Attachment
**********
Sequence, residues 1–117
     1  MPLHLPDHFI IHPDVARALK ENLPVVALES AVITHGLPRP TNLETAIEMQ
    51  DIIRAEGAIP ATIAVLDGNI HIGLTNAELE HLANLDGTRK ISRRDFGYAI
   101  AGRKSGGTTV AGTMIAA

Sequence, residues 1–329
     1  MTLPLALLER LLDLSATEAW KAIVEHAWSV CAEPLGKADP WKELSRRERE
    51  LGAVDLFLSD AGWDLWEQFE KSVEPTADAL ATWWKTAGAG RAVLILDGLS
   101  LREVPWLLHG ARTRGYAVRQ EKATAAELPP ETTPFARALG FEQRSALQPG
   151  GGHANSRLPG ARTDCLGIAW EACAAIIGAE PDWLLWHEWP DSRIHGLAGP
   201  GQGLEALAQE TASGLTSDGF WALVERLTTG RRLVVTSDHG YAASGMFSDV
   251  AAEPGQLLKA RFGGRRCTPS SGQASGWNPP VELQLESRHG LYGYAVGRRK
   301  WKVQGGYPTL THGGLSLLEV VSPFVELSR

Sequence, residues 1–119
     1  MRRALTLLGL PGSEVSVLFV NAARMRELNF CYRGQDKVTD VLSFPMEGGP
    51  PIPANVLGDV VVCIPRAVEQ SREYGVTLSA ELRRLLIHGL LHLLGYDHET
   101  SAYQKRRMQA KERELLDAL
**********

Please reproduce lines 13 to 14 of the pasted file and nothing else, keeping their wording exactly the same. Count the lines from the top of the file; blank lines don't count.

Sequence, residues 1–119
     1  MRRALTLLGL PGSEVSVLFV NAARMRELNF CYRGQDKVTD VLSFPMEGGP